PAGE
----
Sales in the newer-looking stores are up 25% since remodeling. The company plans to remodel 200 stores this year, and open 120 new units. In 2015 it is targeting 1,300 new and remodeled outposts. The changes are showing up in profitability and sales with December quarter, company-run restaurants enjoyed profit margins of 15.9%, compared with 15% a year ago. Cash stands at $454M to debt of $1.46B. FCF is  expected at $15M in 2013. Peltz and associates control 27% of Wendy's stock. Given his involvement, a sale of the business is a strong possibility. One logical buyer: Yum! Brands, which doesn't own a burger business.

Hospira (HSP): Potential Long: Catalyst - FDA inspection, takeover target, biosimilars
Nearly three years after the FDA mandated that it improve quality control at one of its top drug-manufacturing plants, Hospira (HSP) is getting ready for an inspection of the Rocky Mount, N.C., facility, possibly in 1H13. A clean bill of health from the FDA could clear a path to boost the plant's production, which has been scaled back amid the remediation efforts. It also would enable Hospira to focus more resources on promising markets, including generic substitutes for biotech treatments whose patents are expiring. Overseeing the plant's cleanup and the company's revamped strategy is CEO Michael Ball, who joined the firm in March 2011 from Allergan (AGN).Hospira makes generic injectable drugs including morphine and antibiotics. CEO wants to increase HSP’s presence in France, Germany, and Japan as well as the emerging markets of China and Brazil.
After the FDA inspection, North Carolina is expected to come online and that will give the firm good lift. Gross profit margins, at 30%, will probably rise as the costs of upgrading its facilities decline, plant efficiencies improve, drug shipments increase, and prices rise. The facility is important as it accounts for 25% of the company's $4B in sales.  Due to uncertainty surrounding Hospira's inspection, stock has been negatively impacted. Shares are down about 43% since November 2010 high. That has created an opportunity. HSP enjoys world's No. 1 market share—37%—in the generic injectable-drug market, a highly specialized class of drugs that require advanced handling techniques. The complexity of making these drugs creates a high barrier to entry. Hospira enjoys limited competition and higher margins as a result. About 63% revenue comes from these drugs. HSP also ranks No. 2 in the market for intravenous-delivery systems and pumps with a 17% share. The systems and pumps kick in about 24% of revenue; other products like IV solutions comprise the rest.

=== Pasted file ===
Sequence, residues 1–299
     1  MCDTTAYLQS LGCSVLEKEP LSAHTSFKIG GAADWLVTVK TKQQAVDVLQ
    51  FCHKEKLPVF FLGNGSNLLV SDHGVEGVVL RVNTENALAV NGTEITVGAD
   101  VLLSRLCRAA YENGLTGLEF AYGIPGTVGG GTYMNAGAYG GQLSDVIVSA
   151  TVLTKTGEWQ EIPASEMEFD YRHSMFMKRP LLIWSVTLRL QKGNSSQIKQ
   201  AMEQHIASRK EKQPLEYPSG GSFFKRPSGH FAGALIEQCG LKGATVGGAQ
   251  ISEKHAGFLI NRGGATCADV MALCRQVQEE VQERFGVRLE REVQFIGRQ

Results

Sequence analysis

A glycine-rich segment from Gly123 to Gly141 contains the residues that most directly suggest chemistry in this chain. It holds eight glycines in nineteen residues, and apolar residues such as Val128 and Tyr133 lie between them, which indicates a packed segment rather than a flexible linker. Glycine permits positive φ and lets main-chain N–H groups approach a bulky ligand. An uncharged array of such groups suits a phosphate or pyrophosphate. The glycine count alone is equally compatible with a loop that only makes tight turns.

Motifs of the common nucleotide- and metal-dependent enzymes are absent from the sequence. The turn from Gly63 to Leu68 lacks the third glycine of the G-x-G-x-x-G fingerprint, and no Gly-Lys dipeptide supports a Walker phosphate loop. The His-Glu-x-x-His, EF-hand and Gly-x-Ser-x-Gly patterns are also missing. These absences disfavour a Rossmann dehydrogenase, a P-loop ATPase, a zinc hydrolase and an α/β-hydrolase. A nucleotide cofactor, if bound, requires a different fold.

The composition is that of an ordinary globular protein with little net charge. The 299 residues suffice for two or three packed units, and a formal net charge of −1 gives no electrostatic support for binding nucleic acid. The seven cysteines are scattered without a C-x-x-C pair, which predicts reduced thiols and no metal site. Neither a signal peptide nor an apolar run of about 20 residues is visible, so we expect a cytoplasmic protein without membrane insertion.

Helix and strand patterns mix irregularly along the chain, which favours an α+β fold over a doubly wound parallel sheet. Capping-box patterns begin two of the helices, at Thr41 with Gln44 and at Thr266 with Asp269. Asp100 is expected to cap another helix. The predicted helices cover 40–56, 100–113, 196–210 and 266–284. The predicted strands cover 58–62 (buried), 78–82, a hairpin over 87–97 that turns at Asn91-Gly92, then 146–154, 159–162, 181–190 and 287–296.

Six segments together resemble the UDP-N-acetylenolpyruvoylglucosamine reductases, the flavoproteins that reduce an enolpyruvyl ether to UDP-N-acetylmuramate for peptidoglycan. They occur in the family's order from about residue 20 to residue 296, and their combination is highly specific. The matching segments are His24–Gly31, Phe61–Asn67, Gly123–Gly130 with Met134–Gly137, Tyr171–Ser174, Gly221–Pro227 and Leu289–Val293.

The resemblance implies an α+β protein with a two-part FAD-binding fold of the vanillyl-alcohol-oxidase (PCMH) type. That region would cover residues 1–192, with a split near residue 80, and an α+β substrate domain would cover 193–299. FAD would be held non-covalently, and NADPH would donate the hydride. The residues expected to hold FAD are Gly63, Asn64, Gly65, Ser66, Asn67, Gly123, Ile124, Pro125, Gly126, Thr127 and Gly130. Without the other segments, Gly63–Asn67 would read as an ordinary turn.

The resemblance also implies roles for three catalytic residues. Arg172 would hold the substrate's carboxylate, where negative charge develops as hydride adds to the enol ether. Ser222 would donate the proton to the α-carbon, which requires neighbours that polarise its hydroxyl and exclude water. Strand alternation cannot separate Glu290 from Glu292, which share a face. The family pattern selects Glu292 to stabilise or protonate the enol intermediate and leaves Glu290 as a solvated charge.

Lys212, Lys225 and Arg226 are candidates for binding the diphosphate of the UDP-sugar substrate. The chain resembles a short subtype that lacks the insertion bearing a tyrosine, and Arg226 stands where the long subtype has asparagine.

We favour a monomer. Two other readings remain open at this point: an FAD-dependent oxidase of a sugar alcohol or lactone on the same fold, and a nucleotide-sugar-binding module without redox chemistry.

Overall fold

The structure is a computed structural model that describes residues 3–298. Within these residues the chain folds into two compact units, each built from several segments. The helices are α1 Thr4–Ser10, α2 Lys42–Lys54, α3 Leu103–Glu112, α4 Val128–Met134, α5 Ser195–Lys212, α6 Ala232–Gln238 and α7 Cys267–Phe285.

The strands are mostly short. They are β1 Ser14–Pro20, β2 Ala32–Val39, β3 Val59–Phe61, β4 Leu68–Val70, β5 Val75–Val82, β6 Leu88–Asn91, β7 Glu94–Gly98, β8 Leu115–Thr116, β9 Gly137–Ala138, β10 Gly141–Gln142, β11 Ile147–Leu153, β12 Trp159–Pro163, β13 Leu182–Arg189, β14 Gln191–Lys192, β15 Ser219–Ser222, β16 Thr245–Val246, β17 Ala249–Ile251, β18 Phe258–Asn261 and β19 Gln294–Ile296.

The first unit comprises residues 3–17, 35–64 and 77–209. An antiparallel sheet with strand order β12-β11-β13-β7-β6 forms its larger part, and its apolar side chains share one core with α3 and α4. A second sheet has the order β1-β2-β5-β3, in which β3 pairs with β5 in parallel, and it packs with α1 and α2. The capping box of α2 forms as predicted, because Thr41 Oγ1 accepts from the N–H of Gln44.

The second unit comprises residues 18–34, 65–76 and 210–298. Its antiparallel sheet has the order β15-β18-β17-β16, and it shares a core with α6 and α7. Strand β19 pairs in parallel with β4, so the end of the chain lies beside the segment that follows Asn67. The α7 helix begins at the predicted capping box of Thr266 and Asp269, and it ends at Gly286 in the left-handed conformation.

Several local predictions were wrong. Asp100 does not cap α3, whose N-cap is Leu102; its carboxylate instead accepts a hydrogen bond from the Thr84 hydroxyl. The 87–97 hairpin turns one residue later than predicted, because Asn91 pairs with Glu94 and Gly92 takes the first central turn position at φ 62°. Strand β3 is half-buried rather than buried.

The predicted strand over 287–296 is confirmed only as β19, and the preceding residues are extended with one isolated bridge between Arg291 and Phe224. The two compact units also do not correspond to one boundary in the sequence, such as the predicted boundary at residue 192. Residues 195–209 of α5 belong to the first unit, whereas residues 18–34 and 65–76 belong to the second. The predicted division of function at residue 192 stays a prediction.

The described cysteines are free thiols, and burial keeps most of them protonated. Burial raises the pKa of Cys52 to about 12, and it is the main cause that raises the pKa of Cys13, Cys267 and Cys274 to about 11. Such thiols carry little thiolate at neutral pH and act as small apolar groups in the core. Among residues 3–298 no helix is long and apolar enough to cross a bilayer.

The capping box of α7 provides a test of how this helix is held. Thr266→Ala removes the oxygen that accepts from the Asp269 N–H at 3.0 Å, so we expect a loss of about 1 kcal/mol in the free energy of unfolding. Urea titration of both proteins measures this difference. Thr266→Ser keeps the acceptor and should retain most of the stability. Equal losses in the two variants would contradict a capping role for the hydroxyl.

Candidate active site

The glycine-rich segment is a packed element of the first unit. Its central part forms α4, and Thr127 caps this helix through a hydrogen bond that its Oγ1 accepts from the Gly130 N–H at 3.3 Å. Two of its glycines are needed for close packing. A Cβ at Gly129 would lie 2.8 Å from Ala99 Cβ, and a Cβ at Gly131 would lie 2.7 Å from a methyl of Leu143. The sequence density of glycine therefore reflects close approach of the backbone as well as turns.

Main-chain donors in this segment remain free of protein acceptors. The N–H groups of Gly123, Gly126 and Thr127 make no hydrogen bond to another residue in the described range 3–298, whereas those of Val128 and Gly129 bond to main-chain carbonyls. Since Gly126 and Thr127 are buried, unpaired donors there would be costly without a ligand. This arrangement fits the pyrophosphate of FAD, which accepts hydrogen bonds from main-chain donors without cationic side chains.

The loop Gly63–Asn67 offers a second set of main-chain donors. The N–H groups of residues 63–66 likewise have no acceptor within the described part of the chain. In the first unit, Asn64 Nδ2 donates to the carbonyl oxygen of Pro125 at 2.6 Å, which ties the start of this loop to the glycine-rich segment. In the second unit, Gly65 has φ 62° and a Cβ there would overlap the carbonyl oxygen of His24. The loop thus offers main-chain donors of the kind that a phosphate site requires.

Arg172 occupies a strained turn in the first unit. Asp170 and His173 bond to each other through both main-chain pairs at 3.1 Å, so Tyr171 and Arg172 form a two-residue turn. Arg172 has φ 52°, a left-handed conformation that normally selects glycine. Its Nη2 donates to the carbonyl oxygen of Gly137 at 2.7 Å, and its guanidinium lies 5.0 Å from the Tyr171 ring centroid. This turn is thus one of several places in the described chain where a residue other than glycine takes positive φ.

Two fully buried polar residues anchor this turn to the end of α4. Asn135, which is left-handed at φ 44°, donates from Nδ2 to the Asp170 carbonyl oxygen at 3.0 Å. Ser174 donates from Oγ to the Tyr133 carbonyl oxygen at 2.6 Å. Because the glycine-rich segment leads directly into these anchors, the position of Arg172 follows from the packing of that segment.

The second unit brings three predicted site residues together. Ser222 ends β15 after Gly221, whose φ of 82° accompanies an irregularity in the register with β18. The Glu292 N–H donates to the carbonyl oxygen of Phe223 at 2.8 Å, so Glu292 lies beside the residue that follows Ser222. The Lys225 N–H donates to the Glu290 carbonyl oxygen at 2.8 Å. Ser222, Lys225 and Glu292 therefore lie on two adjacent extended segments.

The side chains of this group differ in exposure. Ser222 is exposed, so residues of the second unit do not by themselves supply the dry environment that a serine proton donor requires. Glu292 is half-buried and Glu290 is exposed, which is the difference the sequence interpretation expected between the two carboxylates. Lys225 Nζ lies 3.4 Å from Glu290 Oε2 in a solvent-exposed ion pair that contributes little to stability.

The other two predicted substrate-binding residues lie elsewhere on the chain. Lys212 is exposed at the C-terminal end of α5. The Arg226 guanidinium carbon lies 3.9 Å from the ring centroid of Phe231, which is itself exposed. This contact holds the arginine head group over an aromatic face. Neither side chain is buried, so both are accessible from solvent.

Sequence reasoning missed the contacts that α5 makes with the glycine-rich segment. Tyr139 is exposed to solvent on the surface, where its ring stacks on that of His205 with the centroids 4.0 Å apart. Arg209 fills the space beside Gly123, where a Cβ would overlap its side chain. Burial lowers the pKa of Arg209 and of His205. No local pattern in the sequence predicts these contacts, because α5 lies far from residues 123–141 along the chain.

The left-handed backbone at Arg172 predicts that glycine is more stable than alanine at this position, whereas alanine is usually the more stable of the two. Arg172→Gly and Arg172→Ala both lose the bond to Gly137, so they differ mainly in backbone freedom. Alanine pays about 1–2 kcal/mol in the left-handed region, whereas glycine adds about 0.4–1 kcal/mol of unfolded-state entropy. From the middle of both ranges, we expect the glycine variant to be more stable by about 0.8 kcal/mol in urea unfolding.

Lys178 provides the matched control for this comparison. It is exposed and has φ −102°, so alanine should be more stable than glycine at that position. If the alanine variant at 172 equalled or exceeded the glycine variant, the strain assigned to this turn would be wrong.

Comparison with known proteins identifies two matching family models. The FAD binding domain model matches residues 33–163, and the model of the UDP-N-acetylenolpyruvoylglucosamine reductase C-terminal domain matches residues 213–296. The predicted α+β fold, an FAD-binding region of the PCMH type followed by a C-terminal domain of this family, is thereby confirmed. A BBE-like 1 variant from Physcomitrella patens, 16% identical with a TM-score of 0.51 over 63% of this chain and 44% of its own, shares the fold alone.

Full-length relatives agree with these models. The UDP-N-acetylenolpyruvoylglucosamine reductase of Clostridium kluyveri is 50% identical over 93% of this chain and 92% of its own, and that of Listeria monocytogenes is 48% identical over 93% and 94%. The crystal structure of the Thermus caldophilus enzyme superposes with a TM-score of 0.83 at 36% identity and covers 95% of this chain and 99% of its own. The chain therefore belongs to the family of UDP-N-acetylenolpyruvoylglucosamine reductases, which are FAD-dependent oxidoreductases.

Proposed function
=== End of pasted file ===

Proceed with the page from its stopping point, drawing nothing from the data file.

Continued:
Whats not priced in the stock is the growth potential from a new drug group known as biosimilars. HSP is the leading U.S.-based producer of these drugs and among the world's top three, along with Teva Pharmaceutical (TEVA) and Sandoz, a division of Novartis (NVS). Estimated $40B of the biologics are scheduled to lose their patent protection through 2020, providing lots of new opportunity for HSP and its rivals. Its estimated that the biosimilar market will reach nearly $4B by 2015 from $243M in 2010. HSP's biosimilar for Amgen's Epogen, is in Phase III clinical trials with the U.S. FDA. The last patent on Epogen is scheduled to expire in 2015, which is when the U.S. market for a biosimilar version is set to begin. HSP is also selling Nivestim, a version of Amgen's Neupogen, which boosts infection-fighting white-blood cells in cancer patients, in Europe and Australia. Biosimilars enjoy support of pharmacy-benefit managers because of the tremendous cost savings they represent for their customers. Hospira's  market value is about $6B makes it a potential acquisition target for big-pharma companies such as Merck (MRK) andPfizer (PFE).